What if we suppose Jane Austen made her fortune from the publication of Pride and Prejudice, and she wanted to build a house of the latest architectural style? What would she build? It is a simple and yet rather complicated question when you look at it from a historical perspective.
Jane Austen lived during the Georgian Era (1714-1837). Pride and Prejudice was published during the Regency Period (1811-1820), when the Prince of Wales ruled in the stead of the ailing George III.
Architecture from this period is often referred to as Georgian or Palladian, but not all Georgian architecture is termed Palladian. It can be a bit confusing.
So, what is Palladian exactly? During the early 18th century, The Four Books of Architecture (I Quattro Libri dell’ Archettura-1570) written by 16th century Renaissance architect Andrea Palladio were translated and published in England. The translation of Palladio’s books into English coincided with an increased amount of commerce with the “Far East.” Grand tours and travels brought plenty of artistic influences from the continent, including Italian and Greek art, architecture, Chinese wallpapers and the classic lines of women’s gowns and hairstyles. All of these influences coincided with the birth of the Neoclassical art movement, which referenced back to the Renaissance and Greek and Roman antiquity.
One of the first Palladian homes built was Stourhead House, completed in 1725. The clarity and symmetry characteristic of Palladian architecture are evident when you view Stourhead from the front. Everything is proportionate. You could fold Stourhead down the middle and the two sides would match perfectly. The parts of the building are in harmony, nothing appears out of place or as if it was stuck on after it was built.
Palladian architecture is not overly adorned. It remained within the Roman and Greek conventions as seen in Stourhead’s temple style overhang on the portico, the Corinthian columns, and the statuary on all reference the style. In fact, the statuary on the roof harken back to Etruscan temples, an Italian culture that pre-dated the Roman Empire and was later absorbed by it.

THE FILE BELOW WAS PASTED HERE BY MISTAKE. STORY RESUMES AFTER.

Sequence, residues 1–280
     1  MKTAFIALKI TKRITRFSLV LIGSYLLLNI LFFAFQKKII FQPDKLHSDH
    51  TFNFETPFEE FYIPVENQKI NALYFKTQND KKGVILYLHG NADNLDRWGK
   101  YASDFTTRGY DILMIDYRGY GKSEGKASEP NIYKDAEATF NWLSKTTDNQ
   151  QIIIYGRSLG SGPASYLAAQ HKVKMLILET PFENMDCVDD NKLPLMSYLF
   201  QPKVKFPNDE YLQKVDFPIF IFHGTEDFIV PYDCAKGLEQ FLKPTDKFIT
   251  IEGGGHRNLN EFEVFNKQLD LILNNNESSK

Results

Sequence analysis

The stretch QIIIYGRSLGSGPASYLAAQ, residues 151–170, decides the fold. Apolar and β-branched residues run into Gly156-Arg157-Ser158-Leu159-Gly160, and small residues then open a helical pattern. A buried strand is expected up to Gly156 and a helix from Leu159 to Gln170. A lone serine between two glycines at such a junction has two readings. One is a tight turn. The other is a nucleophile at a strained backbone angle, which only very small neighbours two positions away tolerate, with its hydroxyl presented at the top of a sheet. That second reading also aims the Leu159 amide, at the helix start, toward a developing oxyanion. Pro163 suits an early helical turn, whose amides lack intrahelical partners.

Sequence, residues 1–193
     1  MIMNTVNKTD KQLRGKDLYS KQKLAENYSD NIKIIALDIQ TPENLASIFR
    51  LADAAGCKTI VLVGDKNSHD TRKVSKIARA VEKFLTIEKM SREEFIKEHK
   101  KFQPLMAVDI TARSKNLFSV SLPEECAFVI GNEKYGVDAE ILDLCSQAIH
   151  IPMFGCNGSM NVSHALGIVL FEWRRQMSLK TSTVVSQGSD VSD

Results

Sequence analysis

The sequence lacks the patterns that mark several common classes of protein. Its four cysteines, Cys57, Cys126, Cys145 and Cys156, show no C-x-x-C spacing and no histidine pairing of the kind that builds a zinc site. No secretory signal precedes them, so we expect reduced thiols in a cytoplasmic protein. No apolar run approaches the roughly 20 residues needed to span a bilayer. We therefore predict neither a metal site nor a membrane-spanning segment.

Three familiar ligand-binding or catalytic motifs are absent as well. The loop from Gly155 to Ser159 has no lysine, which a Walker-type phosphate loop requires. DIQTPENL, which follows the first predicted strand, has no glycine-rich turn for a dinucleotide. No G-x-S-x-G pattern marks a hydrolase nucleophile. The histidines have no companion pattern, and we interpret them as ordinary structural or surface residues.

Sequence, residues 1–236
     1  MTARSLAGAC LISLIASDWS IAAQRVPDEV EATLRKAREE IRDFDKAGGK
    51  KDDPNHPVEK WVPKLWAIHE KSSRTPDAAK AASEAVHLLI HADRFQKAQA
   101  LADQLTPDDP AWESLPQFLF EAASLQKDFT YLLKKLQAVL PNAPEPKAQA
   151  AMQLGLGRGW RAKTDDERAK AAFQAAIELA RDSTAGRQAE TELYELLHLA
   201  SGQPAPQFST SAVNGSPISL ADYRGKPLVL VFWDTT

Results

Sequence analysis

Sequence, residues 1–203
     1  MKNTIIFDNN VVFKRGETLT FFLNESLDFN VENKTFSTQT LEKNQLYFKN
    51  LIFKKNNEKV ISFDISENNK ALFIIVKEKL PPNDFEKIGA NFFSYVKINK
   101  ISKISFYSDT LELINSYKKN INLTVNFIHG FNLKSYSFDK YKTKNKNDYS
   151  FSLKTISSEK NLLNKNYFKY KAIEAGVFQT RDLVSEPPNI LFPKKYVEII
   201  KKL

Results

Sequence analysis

Stourhead’s gardens reflect the interest in antiquity as well, boasting of three temples: the Temple of Apollo (seen in the 2005 P&P), the Temple of Flora, and a replica of the Roman Pantheon. There is even an Italian Grotto, a rocky cave-like structure with a mosaic tile floor and a statue within. Temples were all the rage. They had no true purpose during their heyday, other than decoration, but have found new popularity in fiction as an idyllic location for a failed proposal.
While Stourhead is an early example of Georgian and Palladian architecture, Ickworth in Suffolk (Begun in 1795, but not completed until 1829.), stands as a later incarnation. Ickworth was not meant to be strictly a home, but also an art museum, and as a result, is a massive structure.
Referred to as “Georgian”, Ickworth expands upon the “Palladian rectangle” by including a rotunda to the center. However, this home has a Greek and Roman element not seen so much in the earlier Georgian homes: a frieze. A frieze is a relief sculptures that wraps around the top of Greek and Roman temples. If you were to stand before the Parthenon, the frieze would be beneath the pediment and above the columns, and often represented battles or mythology. The frieze around the rotunda at Ickworth is said to depict the ancient Olympic games.
Ickworth also boasts of an Italianate garden with a small temple surrounded by a “dry garden.” According to the National Trust, this particular garden pre-dates most Italianate gardens by forty to fifty years, yet does fit the period with the small temple and eastern influence.
So, back to our original question! What would Jane build? If she agreed to adhere to the current style of her time, the house would not be unlike Stourhead or Ickworth, though I cannot imagine Jane ever building something to the scale of Ickworth! The house would be symmetrical and would contain many of the familiar Greek and Roman architectural elements I have mentioned constantly in this post—columns, portico, pilasters and pediments. She might have even splurged on a temple to adorn the gardens!
All we can really do is speculate, of course, but perhaps this gives a bit of an insight into the world she inhabited. Jane mentions current architecture in her works alongside the homes she created in her mind (Pemberley, Norland, and Masfield Park). For example, Landsdown Crescent (Persuasion) is a Georgian building in Bath, which has symmetry and Greek and Roman conventions, but its curves do not truly fit Palladian architecture.
Next time you drive or walk around London or Cambridge, take note of this architecture as it stands out from the Gothic and Tudor buildings which are so prevalent yet are just as impressive. I drove a friend into Cambridge recently for lunch, and we turned a corner to where the very Palladian Fitzwilliam Museum stands (1848-Finished late due to the death of the architect.). I believe her response was, “Wow!”
http://www.bbc.co.uk/homes/design/period_georgian.shtml. Accessed 9 Nov. 2014.
http://www.nationaltrust.org.uk/stourhead/ Accessed 9 Nov. 2014.
http://www.nationaltrust.org.uk/ickworth/ Accessed 9 Nov. 2014.
http://www.imagesofengland.org.uk/Details/Default.aspx?id=363171 Accessed 8 Nov. 2014.
http://www.nationaltrust.org.uk/article-1356396834056/ Accessed 8 Nov. 2014
http://www.umich.edu/~ece/student_projects/exoticism/English.htm. Accessed 8 Nov. 2014.
Watkin, David. A History of Western Architecture. 1986 Thames and Hudson.